Citeo’s key role to promote new solutions to recycle plastics

These new technologies are the central theme of the Plastic Solutions Forum that Citeo has organised on the 5th & 6th October 2020. Complementing current recycling processes, they can accelerate plastic’s transition into a circular economy, thereby helping to conserve our resources and protect our environment.

Furthermore, as part of Citeo’s call for projects to promote eco-design and recycling and recovery projects for plastic and paper in France, leading international energy company Total, plastic recycling technology provider, and global brands such as Nestlé and Mars today joined forces to develop an innovative industrial chemical recycling industry in France.

The first-of-a-kind consortium of world-leading players from across the plastic packaging value chain will examine the technical and economic feasibility of recycling complex plastic waste, such as small, flexible and multi-layered food-grade packaging or for made of polystyrene packaging.

These products are currently considered non-recyclable and are therefore either incinerated or disposed of in landfills.

Those ambitious projects meet Citeo’s overarching goal of finding end-to-end solutions for all packaging. New recycling technologies, such as chemical recycling, will take plastic performance to the next level and accelerate the circular economy for post-consumer plastic waste, especially when it is complex. Especially by addressing the circular economy challenges of food-grade plastics, chemical recycling is complementary to the existing mechanical recycling activities.

The need for political action

Recycled plastics are currently seen as worthless by most manufacturers who prefer higher-grade virgin materials. Since those also happen to be cheaper and less likely to be contaminated by legacy substances, Europe’s recycled plastics can often end up in poor value products at best or in landfills or in incineration plants when they are not shipped abroad.

This is where “chemical recycling” comes in. The technique holds the promise to tackling some of the most difficult challenges of current recycling efforts in Europe. Plastic is and remains a key element of our everyday life and has a number of benefits for society as well as the environment if waste management issues are addressed successfully. In this perspective, a life-cycle approach needs to be followed in order to consider all the possible benefits and risks of this new approach, including on climate.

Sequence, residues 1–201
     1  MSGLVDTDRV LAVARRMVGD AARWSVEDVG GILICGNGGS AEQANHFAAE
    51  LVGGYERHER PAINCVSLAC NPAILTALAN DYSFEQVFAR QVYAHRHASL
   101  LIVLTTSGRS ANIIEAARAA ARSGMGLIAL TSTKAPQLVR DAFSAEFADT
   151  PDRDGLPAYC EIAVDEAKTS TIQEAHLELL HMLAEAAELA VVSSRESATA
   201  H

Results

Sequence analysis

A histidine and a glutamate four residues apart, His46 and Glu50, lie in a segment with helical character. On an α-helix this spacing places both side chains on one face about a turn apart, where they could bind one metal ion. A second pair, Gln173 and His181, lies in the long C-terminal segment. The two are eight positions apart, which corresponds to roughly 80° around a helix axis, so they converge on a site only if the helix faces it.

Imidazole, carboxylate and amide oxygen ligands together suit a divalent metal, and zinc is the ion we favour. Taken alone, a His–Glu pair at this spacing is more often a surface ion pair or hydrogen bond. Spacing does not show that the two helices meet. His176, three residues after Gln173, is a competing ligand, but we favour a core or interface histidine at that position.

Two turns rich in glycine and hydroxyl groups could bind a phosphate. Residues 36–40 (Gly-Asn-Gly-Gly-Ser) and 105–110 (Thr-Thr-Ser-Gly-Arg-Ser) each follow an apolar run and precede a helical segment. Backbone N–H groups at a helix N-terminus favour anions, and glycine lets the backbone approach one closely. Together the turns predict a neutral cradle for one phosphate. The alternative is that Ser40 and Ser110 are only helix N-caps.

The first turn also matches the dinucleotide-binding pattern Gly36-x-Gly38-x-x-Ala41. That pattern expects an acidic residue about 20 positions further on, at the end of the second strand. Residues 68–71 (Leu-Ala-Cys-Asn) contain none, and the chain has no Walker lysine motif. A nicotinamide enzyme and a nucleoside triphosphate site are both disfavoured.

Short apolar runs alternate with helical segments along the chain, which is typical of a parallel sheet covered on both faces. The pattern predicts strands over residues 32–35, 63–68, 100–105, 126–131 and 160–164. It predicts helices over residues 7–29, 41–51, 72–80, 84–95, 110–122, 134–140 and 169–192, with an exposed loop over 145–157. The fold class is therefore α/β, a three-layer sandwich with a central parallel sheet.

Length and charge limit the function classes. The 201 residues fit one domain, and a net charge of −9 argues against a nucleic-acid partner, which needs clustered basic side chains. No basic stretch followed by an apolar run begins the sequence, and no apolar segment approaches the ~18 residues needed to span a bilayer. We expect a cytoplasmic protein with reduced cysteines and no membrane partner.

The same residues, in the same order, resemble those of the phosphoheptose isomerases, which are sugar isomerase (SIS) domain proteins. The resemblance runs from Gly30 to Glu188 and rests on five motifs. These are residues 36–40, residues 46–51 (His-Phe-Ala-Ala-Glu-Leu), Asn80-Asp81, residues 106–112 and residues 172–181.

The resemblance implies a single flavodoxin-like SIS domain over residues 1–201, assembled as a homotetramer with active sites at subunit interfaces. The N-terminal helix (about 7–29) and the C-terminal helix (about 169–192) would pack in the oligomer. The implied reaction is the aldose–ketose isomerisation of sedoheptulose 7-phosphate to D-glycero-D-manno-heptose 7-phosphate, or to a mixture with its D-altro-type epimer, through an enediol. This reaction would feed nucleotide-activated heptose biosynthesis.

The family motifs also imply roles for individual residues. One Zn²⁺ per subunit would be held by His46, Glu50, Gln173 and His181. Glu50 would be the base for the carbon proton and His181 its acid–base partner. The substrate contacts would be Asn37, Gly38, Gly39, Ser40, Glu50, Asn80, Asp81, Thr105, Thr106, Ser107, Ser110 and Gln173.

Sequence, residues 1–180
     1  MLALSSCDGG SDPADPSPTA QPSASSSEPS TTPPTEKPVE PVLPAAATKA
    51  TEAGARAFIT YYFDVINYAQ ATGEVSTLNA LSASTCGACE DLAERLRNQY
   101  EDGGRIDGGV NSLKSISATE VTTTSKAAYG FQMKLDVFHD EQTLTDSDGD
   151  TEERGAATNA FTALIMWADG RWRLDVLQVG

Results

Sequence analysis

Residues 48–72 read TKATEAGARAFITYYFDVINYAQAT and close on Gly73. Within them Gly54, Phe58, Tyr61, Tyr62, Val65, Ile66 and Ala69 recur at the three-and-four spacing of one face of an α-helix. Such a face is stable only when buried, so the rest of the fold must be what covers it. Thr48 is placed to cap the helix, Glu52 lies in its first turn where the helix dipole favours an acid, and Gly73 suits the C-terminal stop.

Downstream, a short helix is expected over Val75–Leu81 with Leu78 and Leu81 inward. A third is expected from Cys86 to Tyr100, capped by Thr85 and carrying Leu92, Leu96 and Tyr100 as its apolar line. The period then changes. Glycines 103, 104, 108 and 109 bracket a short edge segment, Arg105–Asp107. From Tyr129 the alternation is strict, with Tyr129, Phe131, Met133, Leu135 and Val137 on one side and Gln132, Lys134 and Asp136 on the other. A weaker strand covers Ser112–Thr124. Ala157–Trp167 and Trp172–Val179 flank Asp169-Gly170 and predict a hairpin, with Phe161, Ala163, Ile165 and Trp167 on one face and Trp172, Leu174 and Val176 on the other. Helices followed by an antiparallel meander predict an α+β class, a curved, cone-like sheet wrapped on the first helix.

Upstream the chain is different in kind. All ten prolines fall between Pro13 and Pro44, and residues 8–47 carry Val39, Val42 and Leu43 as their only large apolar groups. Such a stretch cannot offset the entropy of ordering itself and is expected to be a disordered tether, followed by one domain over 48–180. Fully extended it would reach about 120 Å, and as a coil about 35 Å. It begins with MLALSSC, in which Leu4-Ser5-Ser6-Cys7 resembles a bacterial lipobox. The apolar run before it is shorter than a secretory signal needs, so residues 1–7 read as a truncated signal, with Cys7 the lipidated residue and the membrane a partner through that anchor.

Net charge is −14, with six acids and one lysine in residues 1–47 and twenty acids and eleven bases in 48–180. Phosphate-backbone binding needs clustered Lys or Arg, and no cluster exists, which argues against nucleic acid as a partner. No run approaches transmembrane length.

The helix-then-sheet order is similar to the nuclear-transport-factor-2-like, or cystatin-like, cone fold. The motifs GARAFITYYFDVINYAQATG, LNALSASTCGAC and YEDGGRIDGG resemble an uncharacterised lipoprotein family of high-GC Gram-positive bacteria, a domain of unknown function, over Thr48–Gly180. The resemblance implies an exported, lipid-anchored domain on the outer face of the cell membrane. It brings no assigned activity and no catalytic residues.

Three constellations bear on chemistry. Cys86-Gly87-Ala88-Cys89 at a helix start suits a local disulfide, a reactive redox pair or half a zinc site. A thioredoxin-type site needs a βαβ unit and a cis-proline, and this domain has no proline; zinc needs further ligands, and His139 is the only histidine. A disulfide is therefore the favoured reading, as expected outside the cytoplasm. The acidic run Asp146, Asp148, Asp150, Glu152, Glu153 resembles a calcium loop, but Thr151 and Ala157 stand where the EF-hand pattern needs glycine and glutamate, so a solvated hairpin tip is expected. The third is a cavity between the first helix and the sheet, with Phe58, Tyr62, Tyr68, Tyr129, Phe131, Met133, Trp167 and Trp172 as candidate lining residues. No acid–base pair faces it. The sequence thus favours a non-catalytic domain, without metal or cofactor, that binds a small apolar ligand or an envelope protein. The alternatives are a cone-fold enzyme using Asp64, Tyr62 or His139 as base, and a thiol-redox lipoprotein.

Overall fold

Concretely, chemical recycling should be able to isolate toxic substances contained in plastics, which are now banned in Europe, making it possible to retrieve feedstocks that can be used to manufacture products which are as good as new. Questions remain and must be answered like the efficiency of the process, the economy, the way to address the recycling rate through the mass balance approach, environmental impact but the opportunity in such chemical technologies, in contrast to mechanical ones, is that they generate virgin-grade feedstock which can then be used to make new materials and chemicals of virgin-grade quality, ensuring a circular loop of plastics and competitivity between virgin and secondary raw materials.

In this regard,

the European Commission should work on aligning existing regulations and legislations on chemicals, waste and products in order to guarantee that products and packaging are exempted from substances of concerns, in line with the Commission’s Chemicals Strategy for Sustainability that has just been published.

Finally, such solutions, to complement mechanical recycling and reach EU targets on plastics and on its autonomy, could represent a profit pool of nearly 50 billion euros per year worldwide by 2030 according to McKinsey. The true potential for chemical recycling to become profitable depends on the sufficient supply of suitable plastic feedstock, and the further development of pyrolysis and gasification technologies to produce high volumes of recycled plastics with consistent quality at a competitive price. But reaching that potential also depends on conducive regulatory framework. This is why the European Commission needs to address further incentives and regulatory measures to increase the recyclability of plastics and make it a valuable resource, in line with the targets of the Critical Raw Materials Strategy and the upcoming Chemicals Strategy for Sustainability.